Though this poem obtained much celebrity on its first appearance, it was nevertheless severely animadverted upon by some critics. A writer in the Anti-Jacobin Review, (known to be the late Mr. Canning) parodied the work, by producing
+ See Life of Dr. Darwin, by Miss Seward.
TO LADY HESKETH.
Weston, June 11, 1792. My dearest Coz— Thou art ever in my thoughts, whether I am writing to thee or not, and my correspondence seems to grow upon me at such a rate that I am not able to address thee so often as I would. In fact, I live only to write letters. Hayley is as you see added to the number, and to him I write almost as duly as I rise in the morning ; nor is he only added, but his friend Carwardine also Carwardine the generous, the disinterested, the friendly. I seem, in short, to have stumbled suddenly on race of heroes, men who resolve to have no interests of their own till mine are served.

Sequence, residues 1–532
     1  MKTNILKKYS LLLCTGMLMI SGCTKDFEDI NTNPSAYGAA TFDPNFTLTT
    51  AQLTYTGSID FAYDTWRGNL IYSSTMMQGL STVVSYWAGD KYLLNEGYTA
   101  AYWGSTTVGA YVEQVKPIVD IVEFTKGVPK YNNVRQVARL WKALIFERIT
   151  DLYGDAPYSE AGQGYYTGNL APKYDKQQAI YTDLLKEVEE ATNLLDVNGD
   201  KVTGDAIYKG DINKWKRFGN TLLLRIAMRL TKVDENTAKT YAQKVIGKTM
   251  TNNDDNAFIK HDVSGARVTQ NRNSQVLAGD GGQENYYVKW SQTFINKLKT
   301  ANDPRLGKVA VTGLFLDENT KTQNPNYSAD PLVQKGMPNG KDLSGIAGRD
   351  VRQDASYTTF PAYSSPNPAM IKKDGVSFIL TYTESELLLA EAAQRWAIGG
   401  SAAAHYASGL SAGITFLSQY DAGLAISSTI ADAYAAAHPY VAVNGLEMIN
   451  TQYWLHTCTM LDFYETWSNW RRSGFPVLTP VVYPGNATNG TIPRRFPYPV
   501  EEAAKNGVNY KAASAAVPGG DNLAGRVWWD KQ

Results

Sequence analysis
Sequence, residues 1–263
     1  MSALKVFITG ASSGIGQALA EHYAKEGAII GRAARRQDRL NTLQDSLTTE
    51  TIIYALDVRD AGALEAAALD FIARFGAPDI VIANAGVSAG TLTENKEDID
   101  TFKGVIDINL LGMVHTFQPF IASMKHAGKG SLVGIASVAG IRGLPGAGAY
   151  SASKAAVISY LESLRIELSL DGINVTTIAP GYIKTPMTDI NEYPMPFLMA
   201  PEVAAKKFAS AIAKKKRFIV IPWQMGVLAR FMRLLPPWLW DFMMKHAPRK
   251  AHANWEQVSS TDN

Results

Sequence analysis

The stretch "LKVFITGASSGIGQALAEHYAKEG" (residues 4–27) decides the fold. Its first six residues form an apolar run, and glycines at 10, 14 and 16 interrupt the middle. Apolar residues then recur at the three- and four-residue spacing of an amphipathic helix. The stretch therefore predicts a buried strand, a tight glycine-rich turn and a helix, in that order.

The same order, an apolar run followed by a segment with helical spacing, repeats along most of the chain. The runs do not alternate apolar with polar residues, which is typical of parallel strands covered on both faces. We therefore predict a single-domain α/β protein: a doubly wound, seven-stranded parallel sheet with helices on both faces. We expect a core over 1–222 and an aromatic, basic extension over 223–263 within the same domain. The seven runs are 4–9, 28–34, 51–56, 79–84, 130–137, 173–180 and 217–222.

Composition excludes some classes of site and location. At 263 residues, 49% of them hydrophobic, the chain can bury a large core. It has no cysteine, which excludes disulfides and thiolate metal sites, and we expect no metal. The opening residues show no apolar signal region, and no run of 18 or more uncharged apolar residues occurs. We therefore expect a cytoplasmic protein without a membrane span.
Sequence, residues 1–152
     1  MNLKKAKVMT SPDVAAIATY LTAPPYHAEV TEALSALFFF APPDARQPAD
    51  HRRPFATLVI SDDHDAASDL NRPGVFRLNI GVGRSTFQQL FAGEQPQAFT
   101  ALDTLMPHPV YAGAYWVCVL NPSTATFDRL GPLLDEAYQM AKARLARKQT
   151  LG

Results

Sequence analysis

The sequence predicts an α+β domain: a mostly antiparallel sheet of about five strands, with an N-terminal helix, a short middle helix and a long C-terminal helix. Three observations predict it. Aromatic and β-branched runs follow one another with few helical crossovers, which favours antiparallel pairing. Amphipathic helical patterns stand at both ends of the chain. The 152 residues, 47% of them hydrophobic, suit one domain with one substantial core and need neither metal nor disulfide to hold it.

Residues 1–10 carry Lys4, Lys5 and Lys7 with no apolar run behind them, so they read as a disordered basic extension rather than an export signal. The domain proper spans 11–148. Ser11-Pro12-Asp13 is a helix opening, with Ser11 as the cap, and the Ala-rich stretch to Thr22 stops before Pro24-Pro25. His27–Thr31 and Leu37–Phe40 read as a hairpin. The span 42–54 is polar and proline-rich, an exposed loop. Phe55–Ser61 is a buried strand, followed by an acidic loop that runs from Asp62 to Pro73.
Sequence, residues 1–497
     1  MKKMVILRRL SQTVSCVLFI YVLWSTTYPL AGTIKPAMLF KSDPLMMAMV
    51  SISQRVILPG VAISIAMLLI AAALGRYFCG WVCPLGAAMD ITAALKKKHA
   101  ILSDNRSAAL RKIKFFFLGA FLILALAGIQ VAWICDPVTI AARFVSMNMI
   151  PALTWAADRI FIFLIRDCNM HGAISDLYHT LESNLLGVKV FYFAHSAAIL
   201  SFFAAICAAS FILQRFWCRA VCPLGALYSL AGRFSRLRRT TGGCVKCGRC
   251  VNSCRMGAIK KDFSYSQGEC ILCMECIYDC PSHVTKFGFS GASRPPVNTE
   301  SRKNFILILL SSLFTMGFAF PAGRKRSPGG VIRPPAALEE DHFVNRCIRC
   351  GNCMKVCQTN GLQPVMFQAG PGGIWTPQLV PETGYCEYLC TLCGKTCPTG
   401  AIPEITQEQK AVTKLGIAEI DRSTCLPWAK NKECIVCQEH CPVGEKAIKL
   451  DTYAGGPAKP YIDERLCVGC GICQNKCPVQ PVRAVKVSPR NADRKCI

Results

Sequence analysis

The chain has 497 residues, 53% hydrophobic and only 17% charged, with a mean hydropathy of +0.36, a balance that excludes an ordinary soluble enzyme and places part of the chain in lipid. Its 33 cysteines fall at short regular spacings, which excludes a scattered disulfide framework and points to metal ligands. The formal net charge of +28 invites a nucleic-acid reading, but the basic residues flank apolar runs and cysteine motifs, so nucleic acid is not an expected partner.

But I will proceed to other matters, and that concern me more intimately, and more immediately, than all that can be done for me either by the great, “ The Loves of the Triangles,” in which triangles were made to fall in love with the same fervour of passion, as Dr. Darwin attributed to plants. The style, the imagery, and the entire composition of “the Loves of the Plants,” were most successfully imitated. We quote the following.
“ In filmy, gauzy, gossamery lines,
Bid the soft virgin violet expire.” We do not think that the Botanic Garden ever fully maintained its former estimation, after the keen Attic wit of Mr. Canning, though the concluding lines of Cowper seem to promise perpetuity to its fame.
or the small, or by both united. Since I wrote last, Mrs. Unwin has been continually improving in strength, but at so gradual a rate that I can only mark it by saying that she moves about every day with less support than the former. Her recovery is most of all retarded by want of sleep. On the whole I believe she goes on as well as could be expected, though not quite well enough to satisfy And Dr. Austen, speaking from the reports
I have made of her, says he has no doubt of her restoration.